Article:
Images not always rendering in consumer inboxes: EEC

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Image blocking in e-mail servers is a common practice at the ISP level, including Microsoft's MSN Hotmail and Google's Gmail, but e-mail marketers are not totally optimized for this effort, according to a new study by the DMA's Email Experience Council (EEC).

The EEC and SubscriberMail, the sponsor of this study, surveyed 472 marketing executives in March and found that 23% of the e-mails from this study were completely unreadable in an inbox environment. In addition, only 47% of the survey respondents said that their company had taken action to help with image rendering.

“For most b-to-c companies, HMTL e-mails are still considerably more effective than text-only e-mails, so marketers are right to design their e-mail with images,” said Chad White, director of retail insights and editor-at-large for the EEC. “However, many e-mail clients and ISPs now block images by default because of concerns about image-based spam.”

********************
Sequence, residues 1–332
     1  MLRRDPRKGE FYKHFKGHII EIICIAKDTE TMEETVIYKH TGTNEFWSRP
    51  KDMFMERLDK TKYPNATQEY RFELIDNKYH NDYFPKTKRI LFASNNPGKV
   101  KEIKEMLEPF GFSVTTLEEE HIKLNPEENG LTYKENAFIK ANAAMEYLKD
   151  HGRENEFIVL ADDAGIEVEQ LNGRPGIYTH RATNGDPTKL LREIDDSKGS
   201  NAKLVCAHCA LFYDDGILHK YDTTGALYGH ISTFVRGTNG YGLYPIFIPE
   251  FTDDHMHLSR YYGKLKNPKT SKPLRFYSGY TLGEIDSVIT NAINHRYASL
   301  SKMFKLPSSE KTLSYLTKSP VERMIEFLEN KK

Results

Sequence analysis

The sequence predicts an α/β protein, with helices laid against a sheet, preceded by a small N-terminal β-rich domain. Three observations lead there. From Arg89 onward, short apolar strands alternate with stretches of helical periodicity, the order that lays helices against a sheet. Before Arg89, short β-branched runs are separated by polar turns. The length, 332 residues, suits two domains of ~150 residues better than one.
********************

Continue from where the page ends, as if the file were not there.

There are a number of things that marketers can do to make their e-mails readable when images are blocked, according to White. Using alt tags, designing e-mails with as much HMTL text as possible, and using a preheader text could work.

“They can also ensure that the images in their e-mails render by encouraging subscribers to whitelist them during the sign-up process and in their welcome e-mails,” White added.

Interestingly, 42% of the 104 top online retailers included in the study are designing e-mails that were “a good mix of HTML text and images,” and only 63% used alt tags, a technology that helps with image reading.

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